|White to move!|
Stop by the club on any Monday and you will find friendly people ready to play some casual chess.
Now for Part 2 in our series - Topic - exchange sacrifices.
The computer Igor3000 says that the moves 1. g3 or 1. Ba4 or 1. Be2 are equally as good as what is stated below. But Igor is an unfeeling machine. The adrenaline rush of the attacker and the panic attack for the defender are not measured by Igor.
In the diagram the position is very good for White. He has more space, more active pieces, can work on getting his knight into the hole at e5 and has 3 backwards pawns to play for (a6, c6 and e6). Black has just played …..Rb8 hoping to trade rooks, using the chess rule that the cramped player should trade pieces to free himself.
White knows all this and plays
1. Rb6! Nxb6
2. cxb6 ……..
White breaks another chess rule. Besides giving up material, he trades pawns AWAY from the center. But White has a good reason for this as he wants the c5 square for his knight and so his dark squared bishop can have access to the a3-f8 diagonal. You see chess is all about controlling squares - and almost always center squares.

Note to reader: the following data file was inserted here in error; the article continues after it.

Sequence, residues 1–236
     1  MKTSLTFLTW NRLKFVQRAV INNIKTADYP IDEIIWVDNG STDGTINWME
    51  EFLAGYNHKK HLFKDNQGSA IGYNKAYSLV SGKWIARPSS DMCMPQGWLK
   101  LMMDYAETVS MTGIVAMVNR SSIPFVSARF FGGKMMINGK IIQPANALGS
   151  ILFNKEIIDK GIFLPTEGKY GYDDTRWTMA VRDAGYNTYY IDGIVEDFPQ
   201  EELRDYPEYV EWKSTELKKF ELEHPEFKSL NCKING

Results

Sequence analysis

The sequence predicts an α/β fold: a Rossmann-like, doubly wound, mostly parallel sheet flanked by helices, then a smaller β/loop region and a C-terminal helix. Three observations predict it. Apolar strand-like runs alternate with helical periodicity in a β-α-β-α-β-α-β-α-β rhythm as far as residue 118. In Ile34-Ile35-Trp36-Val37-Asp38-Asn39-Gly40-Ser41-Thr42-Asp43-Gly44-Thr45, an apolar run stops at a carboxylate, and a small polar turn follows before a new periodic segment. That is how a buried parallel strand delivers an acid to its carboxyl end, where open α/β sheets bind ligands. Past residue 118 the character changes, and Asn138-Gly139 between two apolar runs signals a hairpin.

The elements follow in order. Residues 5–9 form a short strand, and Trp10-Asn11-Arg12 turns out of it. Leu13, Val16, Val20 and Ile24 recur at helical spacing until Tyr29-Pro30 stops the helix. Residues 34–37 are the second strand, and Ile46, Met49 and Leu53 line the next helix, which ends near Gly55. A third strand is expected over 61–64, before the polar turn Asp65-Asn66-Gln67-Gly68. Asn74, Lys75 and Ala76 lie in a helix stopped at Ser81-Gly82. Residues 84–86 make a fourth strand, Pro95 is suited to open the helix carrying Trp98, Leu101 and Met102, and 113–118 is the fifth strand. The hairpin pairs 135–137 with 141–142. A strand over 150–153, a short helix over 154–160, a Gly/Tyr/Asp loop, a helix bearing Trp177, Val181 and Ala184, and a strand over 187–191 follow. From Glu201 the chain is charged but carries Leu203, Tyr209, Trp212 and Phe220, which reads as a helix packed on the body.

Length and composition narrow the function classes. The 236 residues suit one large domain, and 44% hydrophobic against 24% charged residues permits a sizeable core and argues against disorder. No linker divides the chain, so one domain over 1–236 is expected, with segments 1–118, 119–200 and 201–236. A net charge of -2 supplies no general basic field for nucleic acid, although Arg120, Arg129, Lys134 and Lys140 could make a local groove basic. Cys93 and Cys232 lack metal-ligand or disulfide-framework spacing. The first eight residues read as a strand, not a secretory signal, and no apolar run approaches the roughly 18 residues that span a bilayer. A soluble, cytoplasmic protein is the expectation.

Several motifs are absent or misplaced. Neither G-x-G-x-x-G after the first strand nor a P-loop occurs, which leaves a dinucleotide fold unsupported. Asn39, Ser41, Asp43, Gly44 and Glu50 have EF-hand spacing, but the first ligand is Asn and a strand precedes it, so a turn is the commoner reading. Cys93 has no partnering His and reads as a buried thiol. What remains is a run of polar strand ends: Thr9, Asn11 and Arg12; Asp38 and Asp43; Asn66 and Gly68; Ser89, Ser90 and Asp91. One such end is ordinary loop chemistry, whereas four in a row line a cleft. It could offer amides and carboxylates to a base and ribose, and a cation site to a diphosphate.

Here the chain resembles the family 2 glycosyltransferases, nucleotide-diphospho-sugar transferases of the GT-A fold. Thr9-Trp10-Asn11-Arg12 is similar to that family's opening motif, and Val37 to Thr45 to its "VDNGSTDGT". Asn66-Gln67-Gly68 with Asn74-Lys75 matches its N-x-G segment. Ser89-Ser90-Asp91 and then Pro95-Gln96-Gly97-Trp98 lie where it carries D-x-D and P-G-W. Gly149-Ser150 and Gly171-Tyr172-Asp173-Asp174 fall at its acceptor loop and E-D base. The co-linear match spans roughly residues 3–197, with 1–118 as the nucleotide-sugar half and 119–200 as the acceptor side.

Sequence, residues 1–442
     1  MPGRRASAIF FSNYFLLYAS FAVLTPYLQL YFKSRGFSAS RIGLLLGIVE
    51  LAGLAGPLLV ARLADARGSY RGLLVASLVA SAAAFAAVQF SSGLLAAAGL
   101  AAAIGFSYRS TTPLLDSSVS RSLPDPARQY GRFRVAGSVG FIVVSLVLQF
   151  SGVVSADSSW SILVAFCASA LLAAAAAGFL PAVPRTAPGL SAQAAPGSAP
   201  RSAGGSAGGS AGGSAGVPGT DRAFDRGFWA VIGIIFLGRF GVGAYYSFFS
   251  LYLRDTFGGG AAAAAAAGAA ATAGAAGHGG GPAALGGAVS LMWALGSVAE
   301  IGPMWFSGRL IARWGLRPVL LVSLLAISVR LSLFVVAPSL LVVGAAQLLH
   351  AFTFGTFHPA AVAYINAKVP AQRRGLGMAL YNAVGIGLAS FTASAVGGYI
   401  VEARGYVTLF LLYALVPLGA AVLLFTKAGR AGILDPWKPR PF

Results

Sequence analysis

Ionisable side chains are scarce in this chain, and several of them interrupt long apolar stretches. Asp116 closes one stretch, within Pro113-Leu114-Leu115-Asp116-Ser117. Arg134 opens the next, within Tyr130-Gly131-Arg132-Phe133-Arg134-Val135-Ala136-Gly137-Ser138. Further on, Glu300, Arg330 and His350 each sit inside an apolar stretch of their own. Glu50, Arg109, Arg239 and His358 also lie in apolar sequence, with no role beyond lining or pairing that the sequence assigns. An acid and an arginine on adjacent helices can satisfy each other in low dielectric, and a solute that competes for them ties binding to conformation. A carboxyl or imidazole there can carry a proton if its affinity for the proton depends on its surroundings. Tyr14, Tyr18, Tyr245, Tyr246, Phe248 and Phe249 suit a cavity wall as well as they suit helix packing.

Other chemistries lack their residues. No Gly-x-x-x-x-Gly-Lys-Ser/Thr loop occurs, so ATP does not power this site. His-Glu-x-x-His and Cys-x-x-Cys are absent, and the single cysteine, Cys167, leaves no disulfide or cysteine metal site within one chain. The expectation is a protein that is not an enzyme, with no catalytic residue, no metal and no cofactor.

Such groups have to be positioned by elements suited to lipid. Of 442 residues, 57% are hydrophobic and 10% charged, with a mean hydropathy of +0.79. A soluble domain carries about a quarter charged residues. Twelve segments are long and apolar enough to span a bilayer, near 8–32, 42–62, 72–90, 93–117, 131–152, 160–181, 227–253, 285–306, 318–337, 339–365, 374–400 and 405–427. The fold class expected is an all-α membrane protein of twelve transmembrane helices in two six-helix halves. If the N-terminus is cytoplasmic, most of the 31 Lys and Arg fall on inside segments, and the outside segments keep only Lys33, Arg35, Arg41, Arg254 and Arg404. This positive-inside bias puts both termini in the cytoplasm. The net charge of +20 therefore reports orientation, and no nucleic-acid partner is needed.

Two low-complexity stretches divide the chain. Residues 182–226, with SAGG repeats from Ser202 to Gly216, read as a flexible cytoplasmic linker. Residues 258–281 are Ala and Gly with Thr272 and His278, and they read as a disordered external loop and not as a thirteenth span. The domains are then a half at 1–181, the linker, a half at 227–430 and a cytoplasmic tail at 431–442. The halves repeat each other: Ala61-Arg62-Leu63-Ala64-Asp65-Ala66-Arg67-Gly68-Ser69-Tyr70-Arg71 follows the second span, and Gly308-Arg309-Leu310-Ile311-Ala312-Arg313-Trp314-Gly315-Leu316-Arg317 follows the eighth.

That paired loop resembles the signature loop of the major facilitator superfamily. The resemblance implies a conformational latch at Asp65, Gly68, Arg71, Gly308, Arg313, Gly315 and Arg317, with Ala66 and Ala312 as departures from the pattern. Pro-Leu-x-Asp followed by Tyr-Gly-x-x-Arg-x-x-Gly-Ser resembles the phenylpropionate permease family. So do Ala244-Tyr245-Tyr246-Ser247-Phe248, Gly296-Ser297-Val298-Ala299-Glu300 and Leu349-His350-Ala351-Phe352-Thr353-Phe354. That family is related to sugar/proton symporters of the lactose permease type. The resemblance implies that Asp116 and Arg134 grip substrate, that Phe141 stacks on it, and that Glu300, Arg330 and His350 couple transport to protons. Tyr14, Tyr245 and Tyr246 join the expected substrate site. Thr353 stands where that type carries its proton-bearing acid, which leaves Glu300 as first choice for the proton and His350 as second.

2. ……. Qb7
3. Ne5+ Kg8
4. Ba4 …….
White attacks c6 by bringing all his pieces into the battle. Chess is a war and not using your entire army is a waste of resources!
4. …….. Qe7
This is desperation as 4. …..Bd7 5. Qd6, Be8 6. Bb4 and threatening 7. Qf8+ is hopeless for Black.
5. Bb4 Qf6
6. Qc3 h6
This stops the back rank mate threats but Black's queenside is under-defended.
This simple bishop attack forces the win of a rook, so Black resigned.
Another example next time.